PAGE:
“… it simply exposes the superficiality, eclectic consumerism and underlying identity confusion”

No, that’s not a description of the New Hampshire voter though after yesterday’s results. one could be excused for thinking so.

It’s actually a description used by Carl Trueman, a pastor in the Orthodox Presbyterian Church who also teaches history at the Westminster Theological Seminary in Philadelphia, to describe non-Catholics who’ve adopted Ash Wednesday (and other Lenten practices) borrowed from the Catholic tradition.

David Mills picks it up from there:

If you’re thinking of the somewhat wooly-minded, generically Protestant Presbyterians in the church in middle of town, you’re not thinking of Carl’s kind of Presbyterian. The mainline Presbyterians are the ones in tweed and corduroy; Carl’s type are in biker leathers. He’s one John Calvin would have recognized as a brother.

Writing on Reformation21, the website of the Alliance for Confessing Evangelicals, Carl notes that Evangelicals have started observing the season and then lets loose:

American evangelicals are past masters at appropriating anything that catches their fancy in church history and claiming it as their own, from the ancient Fathers as the first emergents to the Old School men of Old Princeton as the precursors of the Young, Restless, and Reformed to Dietrich Bonhoeffer as modern American Evangelical.

He is a genial and liberal-minded man. His office bookshelf has very large Aquinas and Newman sections along with the works of Luther, Calvin, and their descendants. (He’s just written a book titled RickAshedLuther On the Christian Life.) I have spent a pleasant night in the Truemans’ home after speaking at the seminary at his invitation. He is generous to Catholics. But Evangelicals observing Lent, this sets him off. “I also fear that it speaks of a certain carnality,” he continues:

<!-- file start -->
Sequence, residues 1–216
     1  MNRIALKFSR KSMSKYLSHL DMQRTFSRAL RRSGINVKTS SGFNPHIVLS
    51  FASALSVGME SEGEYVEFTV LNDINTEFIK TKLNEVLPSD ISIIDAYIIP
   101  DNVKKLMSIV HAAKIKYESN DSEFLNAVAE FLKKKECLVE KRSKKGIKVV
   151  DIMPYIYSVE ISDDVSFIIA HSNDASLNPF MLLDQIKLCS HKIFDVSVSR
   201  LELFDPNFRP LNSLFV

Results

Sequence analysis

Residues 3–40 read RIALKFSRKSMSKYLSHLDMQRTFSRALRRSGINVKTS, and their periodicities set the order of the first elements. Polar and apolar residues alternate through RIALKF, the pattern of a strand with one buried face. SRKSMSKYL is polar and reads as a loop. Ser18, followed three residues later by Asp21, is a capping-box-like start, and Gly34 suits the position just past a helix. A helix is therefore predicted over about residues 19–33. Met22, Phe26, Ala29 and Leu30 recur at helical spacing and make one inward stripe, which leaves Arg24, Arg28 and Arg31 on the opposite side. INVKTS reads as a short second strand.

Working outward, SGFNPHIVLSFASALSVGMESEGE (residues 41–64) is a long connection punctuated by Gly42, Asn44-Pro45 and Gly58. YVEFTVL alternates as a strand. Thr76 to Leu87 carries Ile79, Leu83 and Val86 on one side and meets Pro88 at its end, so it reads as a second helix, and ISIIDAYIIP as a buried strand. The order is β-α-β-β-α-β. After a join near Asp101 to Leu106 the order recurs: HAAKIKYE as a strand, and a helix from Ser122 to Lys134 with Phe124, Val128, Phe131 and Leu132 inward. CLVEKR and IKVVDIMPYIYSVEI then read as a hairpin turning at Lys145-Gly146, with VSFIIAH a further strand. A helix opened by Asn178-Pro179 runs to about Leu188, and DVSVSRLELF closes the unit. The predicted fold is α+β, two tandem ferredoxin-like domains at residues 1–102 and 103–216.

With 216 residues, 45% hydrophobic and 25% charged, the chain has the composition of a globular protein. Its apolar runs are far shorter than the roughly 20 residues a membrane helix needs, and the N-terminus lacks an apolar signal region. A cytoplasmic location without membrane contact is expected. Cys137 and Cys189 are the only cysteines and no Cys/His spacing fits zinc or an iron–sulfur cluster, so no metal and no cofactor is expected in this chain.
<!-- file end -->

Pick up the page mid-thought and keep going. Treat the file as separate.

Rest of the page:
The desire to do something which simply looks cool and which has a certain ostentatious spirituality about it. As an act of piety, it costs nothing yet implies a deep seriousness. In fact, far from revealing deep seriousness, in an evangelical context it simply exposes the superficiality, eclectic consumerism and underlying identity confusion of the movement.
They shouldn’t do this. Their “ecclesiastical commitments do not theologically or historically sanction observance of such things,” he writes in a second article on the website, “Catholicity Reduced to Ashes.” Ash Wednesday is “strictly speaking unbiblical” and therefore can’t be imposed by a church, treated as normative, or understood as offering benefits unavailable in the normal parts of the Christian life. That would be a violation of the Christian liberty the Reformation so stressed (against “the illicit binding of consciences in which the late medieval church indulged,” as he puts it).

The “well-constructed worship service” and “appropriately rich Reformed sacramentalism” render the observance of Ash Wednesday “irrelevant.” Infant baptism, for example, declares better than the imposition of ashes once a year “the priority of God’s grace and the helplessness of sinless humanity in the face of God.” The Lord’s Supper does as well.

Worse, Carl argues, these Evangelicals pick from the Catholic tradition the parts they like when that tradition is an indivisible whole. In for a penny, in for a pound seems to be his understanding of Catholicism. He finds it “most odd,” he writes in the second article, that some might “observe Lent as an act of identification with the church catholic while repudiating a catholic practice such as infant baptism or a catholic doctrine such as eternal generation or any hint of catholic polity.” (The lower-case “c” is his but he means the upper-case.) “The notion of historic catholicity itself has become just another eclectic consumerist construct.”